• Sallosh, which had also been known as the City of Scholars, currently in ruins. Renamed Vaes Athjikhari, meaning "City of Sickness", by the Dothraki.[30]
  • Sarnath, currently in ruins. Renamed Vaes Khewo, meaning "City of Worms", by the Dothraki.[31]
  • Sarys, currently in ruins. Renamed Vaes Graddakh, meaning "City of Filth", by the Dothraki.[32]
  • Sathar, which had also been known as the Waterfall City, currently in ruins. Renamed Yalli Qamayi, meaning "Wailing Children", by the Dothraki.[33]

As Saath is the only Sarnori city that survived, the Sarnori city Rathylar is likely to have fallen to the Dothraki as well.

Ghiscari:

  • Hazdahn Mo, a city currently in ruins. Renamed Vaes Diaf, meaning the "City of the Skull", by the Dothraki.[34]
  • A Ghiscari city whose original name is unknown, and which is currently in ruins. Renamed Krazaaj Has, meaning "Sharp Mountains", by the Dothraki. The Dothraki name refers to the pyramids that once stood in the city.[21]
  • A small Ghiscari town whose original name is unknown, and which is currently in ruins. Renamed Vaes Efe, meaning "City of Shackles", by the Dothraki.[22]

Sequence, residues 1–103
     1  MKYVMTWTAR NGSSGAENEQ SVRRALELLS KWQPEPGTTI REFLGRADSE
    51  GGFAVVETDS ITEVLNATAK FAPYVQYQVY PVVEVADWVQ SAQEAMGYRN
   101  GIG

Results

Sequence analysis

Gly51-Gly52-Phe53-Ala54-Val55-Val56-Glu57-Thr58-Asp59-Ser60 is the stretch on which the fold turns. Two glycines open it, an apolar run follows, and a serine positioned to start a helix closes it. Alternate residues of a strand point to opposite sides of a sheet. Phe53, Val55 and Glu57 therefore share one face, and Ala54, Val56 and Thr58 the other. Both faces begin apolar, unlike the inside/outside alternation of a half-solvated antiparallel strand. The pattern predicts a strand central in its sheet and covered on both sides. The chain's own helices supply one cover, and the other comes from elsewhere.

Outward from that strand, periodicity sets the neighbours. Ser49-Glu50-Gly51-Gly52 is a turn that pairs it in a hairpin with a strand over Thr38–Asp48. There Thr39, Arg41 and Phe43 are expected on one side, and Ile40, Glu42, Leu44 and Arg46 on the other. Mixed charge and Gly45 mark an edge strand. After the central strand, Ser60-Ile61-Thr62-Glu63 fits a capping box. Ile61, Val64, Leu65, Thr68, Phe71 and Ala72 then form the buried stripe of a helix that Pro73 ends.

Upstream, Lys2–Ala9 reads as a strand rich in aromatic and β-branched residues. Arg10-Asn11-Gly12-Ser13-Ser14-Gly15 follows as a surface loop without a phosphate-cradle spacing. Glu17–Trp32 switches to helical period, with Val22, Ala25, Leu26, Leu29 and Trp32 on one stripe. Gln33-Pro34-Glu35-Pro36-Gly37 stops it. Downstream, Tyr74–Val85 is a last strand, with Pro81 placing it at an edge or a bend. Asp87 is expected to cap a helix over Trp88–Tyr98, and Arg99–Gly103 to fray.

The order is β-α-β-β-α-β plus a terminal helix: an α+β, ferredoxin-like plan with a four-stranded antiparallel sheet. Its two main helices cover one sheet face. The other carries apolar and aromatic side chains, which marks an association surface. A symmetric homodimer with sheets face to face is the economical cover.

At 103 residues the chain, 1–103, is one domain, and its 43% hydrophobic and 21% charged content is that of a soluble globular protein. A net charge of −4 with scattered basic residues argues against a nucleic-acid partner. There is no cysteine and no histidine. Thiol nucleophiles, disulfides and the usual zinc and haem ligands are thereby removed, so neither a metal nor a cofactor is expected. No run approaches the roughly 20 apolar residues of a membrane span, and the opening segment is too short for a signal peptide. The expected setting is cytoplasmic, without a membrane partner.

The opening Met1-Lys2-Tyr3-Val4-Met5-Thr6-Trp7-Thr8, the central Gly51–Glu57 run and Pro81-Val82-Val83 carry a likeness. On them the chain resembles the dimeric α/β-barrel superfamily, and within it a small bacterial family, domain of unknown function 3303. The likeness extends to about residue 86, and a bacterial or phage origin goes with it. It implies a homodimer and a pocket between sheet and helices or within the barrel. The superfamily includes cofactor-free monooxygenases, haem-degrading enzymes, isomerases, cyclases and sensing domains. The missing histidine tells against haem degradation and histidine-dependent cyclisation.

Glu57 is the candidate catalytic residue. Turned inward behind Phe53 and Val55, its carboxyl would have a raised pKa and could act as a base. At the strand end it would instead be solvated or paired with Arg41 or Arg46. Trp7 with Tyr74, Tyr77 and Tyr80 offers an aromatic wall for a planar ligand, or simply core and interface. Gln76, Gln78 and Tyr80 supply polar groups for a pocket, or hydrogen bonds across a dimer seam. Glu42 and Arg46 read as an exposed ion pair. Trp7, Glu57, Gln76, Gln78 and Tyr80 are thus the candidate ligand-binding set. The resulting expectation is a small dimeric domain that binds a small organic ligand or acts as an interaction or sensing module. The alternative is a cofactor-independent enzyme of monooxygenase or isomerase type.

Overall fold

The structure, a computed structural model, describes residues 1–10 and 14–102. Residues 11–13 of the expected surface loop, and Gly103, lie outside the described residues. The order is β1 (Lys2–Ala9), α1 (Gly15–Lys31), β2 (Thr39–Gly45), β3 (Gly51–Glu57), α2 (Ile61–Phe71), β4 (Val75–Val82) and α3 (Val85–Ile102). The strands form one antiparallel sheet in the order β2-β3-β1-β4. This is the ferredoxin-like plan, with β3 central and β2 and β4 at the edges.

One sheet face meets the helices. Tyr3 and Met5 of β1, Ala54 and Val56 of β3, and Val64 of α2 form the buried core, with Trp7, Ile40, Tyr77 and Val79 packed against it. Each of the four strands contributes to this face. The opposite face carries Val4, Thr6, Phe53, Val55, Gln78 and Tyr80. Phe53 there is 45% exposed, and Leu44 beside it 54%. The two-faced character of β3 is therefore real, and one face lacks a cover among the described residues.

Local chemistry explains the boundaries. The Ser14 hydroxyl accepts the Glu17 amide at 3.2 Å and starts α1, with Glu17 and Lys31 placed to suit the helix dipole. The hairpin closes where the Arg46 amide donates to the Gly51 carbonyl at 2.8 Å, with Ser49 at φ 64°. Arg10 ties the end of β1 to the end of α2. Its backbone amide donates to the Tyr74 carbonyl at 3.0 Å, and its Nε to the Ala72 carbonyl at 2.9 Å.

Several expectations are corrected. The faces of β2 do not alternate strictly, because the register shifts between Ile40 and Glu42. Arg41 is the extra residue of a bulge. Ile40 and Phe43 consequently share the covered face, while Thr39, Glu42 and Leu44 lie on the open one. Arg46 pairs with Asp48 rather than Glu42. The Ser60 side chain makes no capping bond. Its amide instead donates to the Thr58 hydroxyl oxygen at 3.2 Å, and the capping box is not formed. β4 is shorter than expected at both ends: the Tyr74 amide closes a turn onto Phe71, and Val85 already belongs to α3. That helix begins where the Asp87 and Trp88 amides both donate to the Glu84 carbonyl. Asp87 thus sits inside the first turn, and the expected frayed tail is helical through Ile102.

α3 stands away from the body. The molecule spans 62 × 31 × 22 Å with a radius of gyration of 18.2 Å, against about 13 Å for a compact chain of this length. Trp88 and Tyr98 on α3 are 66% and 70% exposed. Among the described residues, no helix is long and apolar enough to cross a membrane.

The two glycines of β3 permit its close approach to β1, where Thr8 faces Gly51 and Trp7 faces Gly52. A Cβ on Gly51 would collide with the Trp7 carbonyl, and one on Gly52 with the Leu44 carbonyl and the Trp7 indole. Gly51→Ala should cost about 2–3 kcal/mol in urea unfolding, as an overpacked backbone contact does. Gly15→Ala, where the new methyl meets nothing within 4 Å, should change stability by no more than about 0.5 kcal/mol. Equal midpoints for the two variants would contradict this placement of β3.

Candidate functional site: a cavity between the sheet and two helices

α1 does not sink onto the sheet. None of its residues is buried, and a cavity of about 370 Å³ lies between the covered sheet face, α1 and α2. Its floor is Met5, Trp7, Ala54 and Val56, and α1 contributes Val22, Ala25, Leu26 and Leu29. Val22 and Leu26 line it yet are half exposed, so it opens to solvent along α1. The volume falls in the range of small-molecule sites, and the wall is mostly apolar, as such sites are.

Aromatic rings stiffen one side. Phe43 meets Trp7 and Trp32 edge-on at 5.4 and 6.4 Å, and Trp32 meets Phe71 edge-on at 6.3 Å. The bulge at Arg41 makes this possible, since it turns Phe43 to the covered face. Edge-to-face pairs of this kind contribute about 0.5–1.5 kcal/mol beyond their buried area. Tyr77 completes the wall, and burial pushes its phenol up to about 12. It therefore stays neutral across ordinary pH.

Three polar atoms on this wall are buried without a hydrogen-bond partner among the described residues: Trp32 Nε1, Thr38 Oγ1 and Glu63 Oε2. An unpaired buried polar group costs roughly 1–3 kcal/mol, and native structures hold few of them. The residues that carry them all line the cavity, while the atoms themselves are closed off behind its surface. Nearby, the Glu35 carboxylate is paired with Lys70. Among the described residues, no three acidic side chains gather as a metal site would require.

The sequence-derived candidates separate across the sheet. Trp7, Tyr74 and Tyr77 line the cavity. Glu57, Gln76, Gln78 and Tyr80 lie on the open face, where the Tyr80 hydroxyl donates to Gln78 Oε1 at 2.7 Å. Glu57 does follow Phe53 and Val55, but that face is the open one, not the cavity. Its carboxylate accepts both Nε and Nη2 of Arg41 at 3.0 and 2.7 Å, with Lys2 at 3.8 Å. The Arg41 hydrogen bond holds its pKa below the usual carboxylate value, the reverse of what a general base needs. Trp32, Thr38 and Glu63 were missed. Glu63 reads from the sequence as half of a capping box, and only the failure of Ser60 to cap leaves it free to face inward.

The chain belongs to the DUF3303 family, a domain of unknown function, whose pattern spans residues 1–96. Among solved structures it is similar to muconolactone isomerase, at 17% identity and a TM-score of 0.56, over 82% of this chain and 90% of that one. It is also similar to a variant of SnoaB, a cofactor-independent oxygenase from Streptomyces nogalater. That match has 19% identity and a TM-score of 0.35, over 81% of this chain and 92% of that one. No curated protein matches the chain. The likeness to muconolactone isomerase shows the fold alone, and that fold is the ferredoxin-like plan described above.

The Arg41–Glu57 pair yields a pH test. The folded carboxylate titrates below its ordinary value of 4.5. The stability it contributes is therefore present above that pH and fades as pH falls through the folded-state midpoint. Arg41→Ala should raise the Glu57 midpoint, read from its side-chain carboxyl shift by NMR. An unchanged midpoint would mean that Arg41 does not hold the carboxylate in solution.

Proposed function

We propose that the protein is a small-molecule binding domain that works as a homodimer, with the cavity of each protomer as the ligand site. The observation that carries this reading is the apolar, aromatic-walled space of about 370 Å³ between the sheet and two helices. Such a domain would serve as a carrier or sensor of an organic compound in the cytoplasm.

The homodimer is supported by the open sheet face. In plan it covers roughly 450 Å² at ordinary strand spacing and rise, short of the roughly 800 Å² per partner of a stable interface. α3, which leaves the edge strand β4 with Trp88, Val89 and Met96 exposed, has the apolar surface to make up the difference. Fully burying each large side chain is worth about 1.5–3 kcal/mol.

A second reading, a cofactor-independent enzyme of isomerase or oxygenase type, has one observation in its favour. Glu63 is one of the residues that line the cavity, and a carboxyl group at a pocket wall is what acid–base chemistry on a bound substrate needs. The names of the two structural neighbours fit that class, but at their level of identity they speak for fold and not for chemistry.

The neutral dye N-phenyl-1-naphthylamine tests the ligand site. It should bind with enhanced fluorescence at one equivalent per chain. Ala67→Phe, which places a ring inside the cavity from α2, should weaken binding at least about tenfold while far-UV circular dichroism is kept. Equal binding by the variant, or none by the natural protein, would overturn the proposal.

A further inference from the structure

• A Ghiscari town whose original name is unknown, and which is currently in ruins. Renamed Vaes Mejhah, meaning "City of Whores", by the Dothraki.[23]

Qaathi:

  • Qolahn, a city currently in ruins. Renamed Vaes Qosar, meaning "City of Spiders", by the Dothraki.[17]
  • A small Qartheen city, currently in ruins. Renamed Vaes Orvik, meaning "City of the Whip", by the Dothraki. The Dothraki name refers to the great number of slaves taken when the city was destroyed.[18]
  • A small Qartheen city, currently in ruins. Renamed Vaes Shirosi, meaning "City of Scorpions", by the Dothraki.[19]

While explicitly states to have been attacked by the Dothraki, the city Vaes Tolorro is likely to have been amongst the Qaathi cities that fell to the Dothraki as well, due to its proximity to Vaes Orvik, Vaes Shirosi, and Vaes Qosar, and the fact that Qarth is the only Qaathi city that survived.

Other:

Adakhakileki, meaning "The Cannibals" in Dothraki, a ruined small city on the shores of the Poison Sea, might have fallen to the Dothraki as well, as it is in ruins, and known now only by its Dothraki name (its original name having been lost to history).[37]

References and Notes